Ciara Hendrick and Elizabeth Weisberg completed the line up of competent soloists; the seven singers joined to form a chorus characterised by neat ensemble, and clean, airy textures. After Actéon’s death, his hunting companions lament “the beautiful days cut short” of this invincible hero “in the springtime of his age”; unfortunately some poor flute intonation unsettled the overall tuning at the close of what had been an appealing and convincing performance of an attractive and stirring score.

Charpentier’s Actéon is an unusual yet complementary pairing with Purcell's Dido and Aeneas, the latter being inconveniently succinct and requiring a partnering work. Yet, Charpentier’s score preceded Purcell’s by only five years, and there are many affinities between them, not only of musical style - Purcell’s dance-textures and rhythms often sound distinctly French - but also of situation and mythic context, for Charpentier’s narrative is also related by one of Dido’s ladies-in-waiting in the aria “Oft she visits this lone mountain” in Purcell’s opera.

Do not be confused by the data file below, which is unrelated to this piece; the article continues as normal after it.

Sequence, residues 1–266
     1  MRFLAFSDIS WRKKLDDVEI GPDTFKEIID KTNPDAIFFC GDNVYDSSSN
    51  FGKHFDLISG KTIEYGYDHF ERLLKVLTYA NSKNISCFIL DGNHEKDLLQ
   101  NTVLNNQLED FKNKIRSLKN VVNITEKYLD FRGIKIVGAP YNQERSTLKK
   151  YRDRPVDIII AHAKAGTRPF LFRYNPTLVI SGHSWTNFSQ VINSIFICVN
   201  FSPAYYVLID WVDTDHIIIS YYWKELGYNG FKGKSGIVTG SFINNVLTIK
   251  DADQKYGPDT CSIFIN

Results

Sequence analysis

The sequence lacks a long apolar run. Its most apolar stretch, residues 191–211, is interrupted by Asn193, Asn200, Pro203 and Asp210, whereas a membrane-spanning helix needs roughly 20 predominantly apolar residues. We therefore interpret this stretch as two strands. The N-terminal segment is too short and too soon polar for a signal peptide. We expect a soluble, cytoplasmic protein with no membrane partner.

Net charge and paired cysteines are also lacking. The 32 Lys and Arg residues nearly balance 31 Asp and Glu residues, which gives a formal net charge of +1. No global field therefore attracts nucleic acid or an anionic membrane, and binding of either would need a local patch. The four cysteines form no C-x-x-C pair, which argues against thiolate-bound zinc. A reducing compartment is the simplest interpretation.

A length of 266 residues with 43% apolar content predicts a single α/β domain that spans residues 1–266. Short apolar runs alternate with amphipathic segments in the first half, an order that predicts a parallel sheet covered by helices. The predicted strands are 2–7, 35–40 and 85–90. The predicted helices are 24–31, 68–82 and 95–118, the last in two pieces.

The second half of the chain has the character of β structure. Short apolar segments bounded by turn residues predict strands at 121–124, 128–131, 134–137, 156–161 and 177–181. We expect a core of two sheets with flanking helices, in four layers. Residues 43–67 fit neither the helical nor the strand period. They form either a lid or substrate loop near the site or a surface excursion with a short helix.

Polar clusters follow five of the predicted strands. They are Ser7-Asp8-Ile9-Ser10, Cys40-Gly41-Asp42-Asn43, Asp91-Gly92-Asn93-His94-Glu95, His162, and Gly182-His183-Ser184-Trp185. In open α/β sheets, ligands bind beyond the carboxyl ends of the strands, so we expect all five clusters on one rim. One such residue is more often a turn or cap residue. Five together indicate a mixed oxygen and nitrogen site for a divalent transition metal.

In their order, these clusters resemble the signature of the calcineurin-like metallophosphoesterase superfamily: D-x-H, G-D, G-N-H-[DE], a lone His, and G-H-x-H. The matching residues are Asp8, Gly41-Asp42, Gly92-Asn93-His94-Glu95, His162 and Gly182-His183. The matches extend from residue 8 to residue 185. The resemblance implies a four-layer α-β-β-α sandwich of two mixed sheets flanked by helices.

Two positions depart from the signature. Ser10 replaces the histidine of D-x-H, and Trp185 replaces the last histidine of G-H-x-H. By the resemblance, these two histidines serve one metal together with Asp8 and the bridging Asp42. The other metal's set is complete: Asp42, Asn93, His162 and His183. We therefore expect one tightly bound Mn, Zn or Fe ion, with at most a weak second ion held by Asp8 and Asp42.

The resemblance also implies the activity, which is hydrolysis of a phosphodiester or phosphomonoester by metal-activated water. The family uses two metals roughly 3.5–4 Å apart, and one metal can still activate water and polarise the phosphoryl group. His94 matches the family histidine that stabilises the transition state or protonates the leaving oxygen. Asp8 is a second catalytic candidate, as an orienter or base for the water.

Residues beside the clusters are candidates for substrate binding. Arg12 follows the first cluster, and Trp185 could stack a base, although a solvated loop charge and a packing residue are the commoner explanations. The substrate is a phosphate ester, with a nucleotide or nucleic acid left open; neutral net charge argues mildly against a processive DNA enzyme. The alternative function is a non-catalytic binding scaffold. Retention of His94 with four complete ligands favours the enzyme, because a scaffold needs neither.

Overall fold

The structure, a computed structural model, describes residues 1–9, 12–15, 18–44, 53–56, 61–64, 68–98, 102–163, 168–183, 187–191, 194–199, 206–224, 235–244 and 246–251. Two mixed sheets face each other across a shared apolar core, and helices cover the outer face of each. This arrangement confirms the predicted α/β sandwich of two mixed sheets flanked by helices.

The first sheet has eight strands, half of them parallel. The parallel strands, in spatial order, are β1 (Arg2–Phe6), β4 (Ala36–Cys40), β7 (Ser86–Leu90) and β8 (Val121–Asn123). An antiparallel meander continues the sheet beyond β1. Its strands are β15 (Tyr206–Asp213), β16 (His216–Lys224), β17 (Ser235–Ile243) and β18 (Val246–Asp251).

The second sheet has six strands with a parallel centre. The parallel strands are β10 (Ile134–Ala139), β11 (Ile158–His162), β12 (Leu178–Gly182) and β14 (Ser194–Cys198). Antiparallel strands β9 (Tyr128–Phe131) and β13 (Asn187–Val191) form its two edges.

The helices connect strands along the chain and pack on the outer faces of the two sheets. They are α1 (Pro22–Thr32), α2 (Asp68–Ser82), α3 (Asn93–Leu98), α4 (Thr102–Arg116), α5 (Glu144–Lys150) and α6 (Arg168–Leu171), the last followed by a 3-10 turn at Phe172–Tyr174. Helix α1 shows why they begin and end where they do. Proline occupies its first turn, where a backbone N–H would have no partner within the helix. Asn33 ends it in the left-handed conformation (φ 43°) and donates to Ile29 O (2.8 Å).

If Charpentier’s pastoral drama is ultimately rather frivolous, Purcell inspires considerably greater emotional weight and intensity. With Anna Stephany, the advertised Dido, indisposed, Susan Bickley stepped into the role at short notice, presenting a controlled, poised interpretation of regal bearing, betrayal and distress. If her early arias seemed overly guarded and reserved, a little lacking in affective gesture, by the closing lament her noble dignity was firmly established and her portrayal deeply poignant.